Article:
But while Democrats are poised to regain control of the House, Baldwin hesitates over whether they should use that power to impeach Bush. 'I'm torn,' she admits, noting that Congress needs to investigate whether the Bush administration manipulated data to support invading Iraq. 'Until we see evidence, we can't presuppose anything.'
Tammy's moment of truth
As the first out lesbian in Congress, Baldwin has experienced her share of discrimination ' including from religious conservatives, who, she notes, often encourage her to 'repent' for being gay.
'Ever since I came out, I've known there are those who are intolerant and unaccepting,' she says. But Baldwin remains hopeful that Wisconsin voters will reject a constitutional amendment banning gay marriage and civil unions. 'Many people realize it's playing politics with real people's lives.'
Asked how passage of the amendment might affect her personally, Baldwin replies, 'The hardest thing for me will be the sense of pride I've had for the Wisconsin progressive tradition. It will be hard for me to accept that that's changed.'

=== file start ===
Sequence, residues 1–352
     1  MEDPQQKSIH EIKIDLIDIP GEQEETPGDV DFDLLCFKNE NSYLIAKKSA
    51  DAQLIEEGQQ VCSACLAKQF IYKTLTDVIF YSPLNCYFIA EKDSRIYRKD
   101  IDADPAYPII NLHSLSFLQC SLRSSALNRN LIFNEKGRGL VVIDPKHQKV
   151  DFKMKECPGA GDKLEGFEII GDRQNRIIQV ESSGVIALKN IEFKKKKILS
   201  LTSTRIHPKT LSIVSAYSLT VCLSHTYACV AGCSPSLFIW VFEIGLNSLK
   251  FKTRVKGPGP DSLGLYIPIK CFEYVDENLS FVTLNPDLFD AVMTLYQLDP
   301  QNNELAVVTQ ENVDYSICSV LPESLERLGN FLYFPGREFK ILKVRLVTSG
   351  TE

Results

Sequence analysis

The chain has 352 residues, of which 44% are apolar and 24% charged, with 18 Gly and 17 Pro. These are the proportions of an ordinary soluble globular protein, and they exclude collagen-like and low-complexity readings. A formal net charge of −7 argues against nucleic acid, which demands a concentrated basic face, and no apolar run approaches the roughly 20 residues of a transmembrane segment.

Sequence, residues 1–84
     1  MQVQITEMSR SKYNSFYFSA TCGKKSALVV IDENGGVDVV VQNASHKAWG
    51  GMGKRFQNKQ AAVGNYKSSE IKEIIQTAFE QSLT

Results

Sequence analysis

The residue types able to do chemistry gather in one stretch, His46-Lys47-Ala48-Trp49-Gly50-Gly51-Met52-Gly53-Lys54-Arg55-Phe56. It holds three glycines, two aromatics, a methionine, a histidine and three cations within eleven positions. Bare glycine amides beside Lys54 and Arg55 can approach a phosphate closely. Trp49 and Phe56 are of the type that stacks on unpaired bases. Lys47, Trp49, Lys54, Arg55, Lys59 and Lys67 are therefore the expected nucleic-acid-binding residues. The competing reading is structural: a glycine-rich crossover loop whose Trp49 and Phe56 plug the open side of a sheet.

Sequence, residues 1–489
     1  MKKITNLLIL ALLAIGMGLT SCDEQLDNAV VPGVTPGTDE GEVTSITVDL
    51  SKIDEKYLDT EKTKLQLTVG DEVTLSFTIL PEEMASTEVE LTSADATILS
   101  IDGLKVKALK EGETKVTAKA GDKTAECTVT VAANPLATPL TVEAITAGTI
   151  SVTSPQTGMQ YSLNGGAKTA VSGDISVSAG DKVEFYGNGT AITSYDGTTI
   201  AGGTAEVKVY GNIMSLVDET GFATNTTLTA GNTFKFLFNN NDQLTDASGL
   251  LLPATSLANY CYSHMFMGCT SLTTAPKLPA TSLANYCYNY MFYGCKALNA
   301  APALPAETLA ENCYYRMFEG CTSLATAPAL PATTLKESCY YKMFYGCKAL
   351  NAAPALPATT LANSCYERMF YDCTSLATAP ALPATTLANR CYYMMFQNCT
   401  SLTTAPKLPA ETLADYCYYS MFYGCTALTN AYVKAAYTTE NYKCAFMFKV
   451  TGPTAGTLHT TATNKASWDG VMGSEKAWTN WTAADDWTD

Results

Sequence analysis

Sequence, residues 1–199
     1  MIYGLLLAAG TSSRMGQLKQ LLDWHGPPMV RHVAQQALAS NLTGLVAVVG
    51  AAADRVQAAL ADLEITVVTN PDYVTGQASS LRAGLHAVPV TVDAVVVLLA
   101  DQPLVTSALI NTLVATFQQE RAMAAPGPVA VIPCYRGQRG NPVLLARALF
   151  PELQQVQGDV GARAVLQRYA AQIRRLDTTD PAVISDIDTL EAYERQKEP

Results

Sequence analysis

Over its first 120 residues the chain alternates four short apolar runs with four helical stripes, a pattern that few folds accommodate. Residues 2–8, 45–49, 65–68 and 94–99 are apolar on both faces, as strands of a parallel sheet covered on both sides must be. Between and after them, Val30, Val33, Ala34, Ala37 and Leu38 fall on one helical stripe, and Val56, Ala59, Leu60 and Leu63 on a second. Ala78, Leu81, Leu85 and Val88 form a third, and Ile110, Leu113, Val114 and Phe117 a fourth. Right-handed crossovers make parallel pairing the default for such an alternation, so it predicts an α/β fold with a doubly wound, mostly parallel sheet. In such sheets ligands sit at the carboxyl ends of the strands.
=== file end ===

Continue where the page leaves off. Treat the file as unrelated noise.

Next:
Dane County Supv. Kyle Richmond is withdrawing his controversial proposal to restrict development on small shoreland lots.
'A lot of people got stirred up about it,' he says dryly. More than 70 people opposed the change at a public hearing last month. 'It's better to step back and go at it again next year.'
Richmond initially proposed the change to prevent a developer from building two new houses in the Arboretum neighborhood, near Lake Wingra. He later learned it would not have done so, since the developer has already applied for zoning permits.
'Never try to solve a local problem globally,' says Phil Salkin, a lobbyist for the Realtors Association of South Central Wisconsin. 'When you have a neighborhood issue, solve it at the local level.'
Richmond says he couldn't get a straight answer from county staff on how many lots would be affected. Estimates ranged from 300 to 2,000. 'It's been very frustrating,' he sighs. 'People naturally want a clear answer about who this would affect.'
He hopes the experience will help him craft a better proposal: 'I think we've established a credible argument that water quality is being affected by construction on shoreland lots.'
Sun Prairie thinks big